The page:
11. Wright's essay in American Apocrypha was not the last and final word on the topic of Isaiah in the Book of Mormon. John Tvedtnes published an important response back in 2004 in the FARMS Review 16/2. Some important observations from Tvedtnes include: https://scholarsarchive.byu.edu/cgi/viewcontent.cgi?article=1633&context=msr He makes an overall comment in his footnote 2. Tvedtnes looks at the variants overall and makes this observation and conclusion: Several separate but crucially important issues emerge in considering the Original and Printer's Manuscripts. And this: And even more notably, this kind of thing: Tvedtnes also questions the weight Wright gives to passages deemed "obscure" or "unintelligible" the Hebrew. He also questions Wright's citation of an 1831 Philadephia newspaper article that "is clearly heresay, and, as far as I can determine, unattested by statments made by Joseph Smith and Martin Harris, about whom the article speaks." These kinds of things call into question the overall soundness of Wright's approach. I cannot help but notice that you did not mention them, but only mentioned that Wright criticized a much earlier effort by Tvedtnes. But expections are important, and it is one thing to base one's expectations on an abstract ideal, "Surely God would ensure that no human imperfections would appear in anything he assigns a prophet to do, rending them into his sock puppets without any discernable humanity (for evidence supporting this unquestionable assumption see nothing whatsoever) and that when they do, we can be sure that Wright, being a noted Brandeis scholar, can be assumed to have transcended his own humanity. Analytics wrote: The first sentence is way too abstract to be useful. Specificity is important for what Kuhn calls the criteria of "puzzle definition and testability." I notice that the statement that "Whatever nuggets that are found are the results of looking everywhere for everything" is also notably abstract and also directly comparable with Helaman 16:16 that " Some things they may have guessed right, among so many; but behold, we know that all these great and marvelous works cannot come to pass, of which has been spoken." Regarding the translation, I like Kevin Barney's term, "complex translation", rather than "loose" or "tight control" simply because in general, the realities of cross cultural and cross temporal translation where different human beings are involved cannot, and should not, be oversimplified. Some concepts and ideas may translate (and think of the range of definitions in the 1828 Websters) easily, some, quite simply, will not. And in even some of the most important and effective translations introduce anachronism, such as the "candle" and the "bushel" as in "Do men light a candle and hide it under a bushel?" I do not think you really grasp Kuhn's description of most important values involved in paradigm choice. For instance, "the proponents of different paradigms will often disagree aabout the list of problems that any candidate for paradigm must resolve. Their standards and definitions of science are not the same." (Kuhn 148). Many of the things that I find most persuasive simply do not appear on your list, nor in anything I have read from Wright, or the many other critics I have explored. And as to "fruitfulness", Kuhn writes that "particularly persuasive arguments can be developed if the new paradigm permits the prediction of phenomena that had been entirely unsuspected while the old one prevailed." (Kuhn, 154). Wright, I noticed, in his notably learned and careful study of Alma 13 completely overlooked a great many things I see significant in Alma 13. And beyond that, I notice that nothing that he or you has written had acknowledged, let alone explained in any meaningful way, for instance, "Survor Witness in the Book of Mormon" (Hawkins and Thomasson's amazing paper), https://archive.bookofmormoncentral.org/content/i-only-am-escaped-alone-tell-thee-survivor-witnesses-book-mormon let alone Larry Poulson's geographic corrolations, or Lehi's Journey, or the kinds of things that LiDAR recently showed, nor literally hundreds of studies I have read by people with expertise I do not have who offer unexpected insights that I could not have imagined. Nor the personal spiritual confirmations I have had. They are not on you list. Fine. But another things Kuhn points out is that: In comparing my own experience in reading the Tanner's work with Richard Packham's that you offer as an alternate paradigm, I can only reflect on just how much I have seen and learned and experienced in the past 35 years or so that I would not only have never imagined, but also that I would not even know what I had missed. So, with a subtantial sense of awe and gratitude, I thank God for faith. FWIW Kevin Christensen Canonsburg, PA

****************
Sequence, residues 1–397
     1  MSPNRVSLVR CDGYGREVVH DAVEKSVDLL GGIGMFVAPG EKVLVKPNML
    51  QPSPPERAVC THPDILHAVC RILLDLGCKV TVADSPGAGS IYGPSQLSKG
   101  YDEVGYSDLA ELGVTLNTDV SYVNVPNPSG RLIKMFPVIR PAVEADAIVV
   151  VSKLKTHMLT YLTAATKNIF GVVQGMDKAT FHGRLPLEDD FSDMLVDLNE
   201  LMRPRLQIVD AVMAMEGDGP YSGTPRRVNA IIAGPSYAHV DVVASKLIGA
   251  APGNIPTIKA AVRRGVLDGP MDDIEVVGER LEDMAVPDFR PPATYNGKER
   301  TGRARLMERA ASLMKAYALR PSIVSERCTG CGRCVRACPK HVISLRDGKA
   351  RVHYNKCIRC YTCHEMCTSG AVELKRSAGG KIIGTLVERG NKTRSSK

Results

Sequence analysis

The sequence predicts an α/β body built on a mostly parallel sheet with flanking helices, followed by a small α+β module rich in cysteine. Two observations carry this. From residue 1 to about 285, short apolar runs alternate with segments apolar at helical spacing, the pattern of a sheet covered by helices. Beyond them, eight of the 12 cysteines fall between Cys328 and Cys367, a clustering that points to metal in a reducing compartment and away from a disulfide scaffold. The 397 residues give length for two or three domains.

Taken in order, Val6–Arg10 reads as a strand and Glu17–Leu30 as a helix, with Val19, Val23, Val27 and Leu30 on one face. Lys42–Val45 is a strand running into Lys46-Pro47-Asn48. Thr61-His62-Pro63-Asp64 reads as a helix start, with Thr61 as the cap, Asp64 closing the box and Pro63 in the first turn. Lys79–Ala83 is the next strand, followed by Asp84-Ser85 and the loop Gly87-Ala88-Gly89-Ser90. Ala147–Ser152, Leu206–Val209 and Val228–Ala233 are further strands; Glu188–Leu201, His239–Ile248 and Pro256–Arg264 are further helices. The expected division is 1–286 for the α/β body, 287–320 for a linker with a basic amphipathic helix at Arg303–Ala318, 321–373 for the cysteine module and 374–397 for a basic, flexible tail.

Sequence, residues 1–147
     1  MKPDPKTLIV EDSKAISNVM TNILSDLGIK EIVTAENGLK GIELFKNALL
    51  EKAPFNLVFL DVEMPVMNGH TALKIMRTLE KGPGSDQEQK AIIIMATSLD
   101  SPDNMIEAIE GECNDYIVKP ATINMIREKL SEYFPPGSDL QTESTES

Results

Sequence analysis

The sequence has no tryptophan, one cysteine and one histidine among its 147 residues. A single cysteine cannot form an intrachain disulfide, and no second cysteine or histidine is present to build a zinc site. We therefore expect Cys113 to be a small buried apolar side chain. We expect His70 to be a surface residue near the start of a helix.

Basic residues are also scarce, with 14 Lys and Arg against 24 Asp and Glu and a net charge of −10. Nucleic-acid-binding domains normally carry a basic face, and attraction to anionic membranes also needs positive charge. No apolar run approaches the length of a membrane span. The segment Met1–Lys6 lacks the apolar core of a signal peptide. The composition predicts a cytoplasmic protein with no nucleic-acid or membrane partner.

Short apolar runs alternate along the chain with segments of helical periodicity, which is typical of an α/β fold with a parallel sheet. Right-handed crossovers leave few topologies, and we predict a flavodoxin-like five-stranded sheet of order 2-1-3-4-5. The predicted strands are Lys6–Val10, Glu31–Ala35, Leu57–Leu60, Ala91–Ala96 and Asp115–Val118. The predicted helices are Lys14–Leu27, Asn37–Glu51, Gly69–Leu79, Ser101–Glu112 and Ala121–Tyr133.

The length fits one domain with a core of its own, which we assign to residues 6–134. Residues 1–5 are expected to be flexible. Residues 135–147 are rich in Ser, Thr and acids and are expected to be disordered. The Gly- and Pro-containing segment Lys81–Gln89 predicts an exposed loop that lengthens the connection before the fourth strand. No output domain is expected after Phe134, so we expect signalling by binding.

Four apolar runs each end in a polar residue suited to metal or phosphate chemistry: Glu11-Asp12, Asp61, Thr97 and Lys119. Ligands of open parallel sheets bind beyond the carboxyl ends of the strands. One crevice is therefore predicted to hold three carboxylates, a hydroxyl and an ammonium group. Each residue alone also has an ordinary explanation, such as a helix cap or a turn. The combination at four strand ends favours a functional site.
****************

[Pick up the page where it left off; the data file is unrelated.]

12. Do you see a problem in anthropomorphizing evidence to the point where you can follow it where it leads, as though the evidence itself knows where it is going, and why you should follow it, and that evidence has the capacity to speak for itself to the extent that no scholarly input or effort is required? That sort of thing is why I keep quoting N. H. Hanson, to the effect that "All data are theory laden" and Kuhn that "Anomally emerges only from a background of expectation." As to what I should expect from Joseph Smith's account of making an inspired translation of an ancient document, should I base my expectations on what happens with an academic translation, or from other accounts provide a range of actual evidence of inspired translations of say, a half dozen other books like the Book of Mormon? In his essay, Wright specifically suggests that Joseph Smith's translation should be completely independent from the King James version, which sounds reasonable unless one of the priorities of one who organized this translation that the result should be easily recognizable. That is a theory, but upon what actual examples of inspired translations from metal plates by semi-literate plowboys does Wright base that expectation? It may be a reasonable surmise, but without an evidential basis, it must be admitted to be a surmise nonetheless. And are all academic translations completely independent from previous translations? The KJV, I notice, was heavily dependent on Tyndale's earlier translation, over 90% as I recall. Do the authors of the New Testament make original translations from the Hebrew, or do they rely in the Septuagint because that was the translation in common use? And if there are differences between the versions of Old Testament passages in the Masoretic text and the DDS text and the Septuagint, which version counts most? And there is the issue of what Joseph Smith claimed. He claimed to have a document that had a range of editors (notably Nephi, Mormon and Moroni), a range of sources (Brass plates, the provenance of which as nearly contemporary with Lehi, and dependent on whatever sources and editoral traditions go with that, Small Plates, Large plates, and a range of various records employed by different writers. We don't necessarily have the "pristine" words of Isaiah, but rather, a source behind the quotations. And then for the translation, we have comments that say "given unto my servants in their weakness" (and NOT transcending any human weakness), "after the manner of their language" (language being something that notably changes over time and culture), "that they might come to understanding." Some of what we ought to understand is that despite having seen in the DeMille 10 commandments, and read the Bible accounts of the stone tables with the commands on them, even the Bible as we have it demonstrates differences in the 10 commandments between Exodus and Deuteronomy. In all human interactions with one another and with diety, it is to be expected that "And inasmuch as they erred, it might be made known" (D&C 1:24-25). And Joseph Smith's reports that Moroni sometimes quoted the Bible with variations, and that his own translations could be "sufficiently plain to suit my purposes as it stands" (D&C 1:128:18.) If, as Wright claims, Joseph Smith just gives us something that bears no evidence of being an actual translation. How are we to judge? What should we notice, and what should we value? What in that 1828 Webster's definition says that any translation, let alone an inspired translation, to succeed in its purpose, must and should be completely independent of any existing translations, or must be absolutely perfect in every respect (at least as far as contemporary scholarship can judge)? Expectations differ. Some LDS scholars (famously, but not exclusively Ostler) and other scholars (Charlesworth speaking of the Book of Mormon) propose Midrashic commentary in places, expanding the text, whether by Mormon and Moroni or Jesus (who, we seldom consider, called for edits to the records that the Nephites showed him), and who Mormon and Moroni, in defiance of the assumptions that there could be no awareness of any New Testament language, both report personal encounters with the resurrected Jesus, who, as far as I can tell, in conversing with custodians of the sacred record about the most consequential and far reaching efforts of their lives, was NOT forbidden by academic protocols of fairness and the assumptions of blind testing to say anything beyond, "Hi." And then we have Joseph Smith, who could have behaved just as the Aramaic translators did, in expanding at times the Aramaic to clarity meaning for the readers in ways that the existing Masoretic Hebrew does not precisely account for. Joseph's efforts do not match up with what Wright was trained to see. I get that. But I've also notice that if I base my expectations on the purely local and human 19th century event that Wright sees in the Book of Mormon, there is "far more in heaven and earth than is dreampt of in [his] philosophy." I cannot get from his picture of Alma 13, for example, to those offered by John Tvedtnes, John W. Welch, and Margaret Barker. Wright's picture of Joseph Smith as not a real translator does not explain anything whatsoever in Matthew Bowen's recent Name as Key-Word, for instance. And Welch's work on The Sermon on the Mount as a Temple text, which argues that it was a composition by Jesus, fits perfectly in 3 Nephi and such. And there are things like Gardner's Second Witness, Larry Poulson's work, the details of Lehi's Journey through Arabia, and such, as well as the unexpected and elaborate convergence of Barker's work with the Book of Mormon, including her case that Isaiah 53 was based on Hezekiah's bout with the plague and was therefore, pre-exilic and available to Abinadi, the dazzling convergence of the revolutionary LiDAR picture and the Book of Mormon and much much more by hundreds of notable scholars that Wright does not address, nor follow, nor explain, but simply ignores as irrelevant to his current conclusions. The questions are rather, "Which paradigm is better?" and inescapably "How do we measure "better?" Simplicity is only part of the test Kuhn describes for good paradigm decisions. (Nowadays I always think of the Monty Python sketch in which competitors have less than a minute to explain their Kennedy Assassination theories. The winner in the competition says, "A tiger got him." Compared to the offerings of the other contestant depicted, that is unquestionably simpler. But better? That absurdity highlights the problem that you neglect here and that Kuhn addresses in calling for criteria of Puzzle definition and testability, Accuracy of Key predictions, Comprehensiveness and Coherence, Fruitfulness (which involves what a person sees when trying on the new paradigm for size and nurturing the seed within that view, and seeing what grows that they would otherwise not even imagine), simplicity and aesthetics and future promise. Wright's view, I notice, considerably lacks future promise. FWIW Kevin Christensen Canonsburg, PA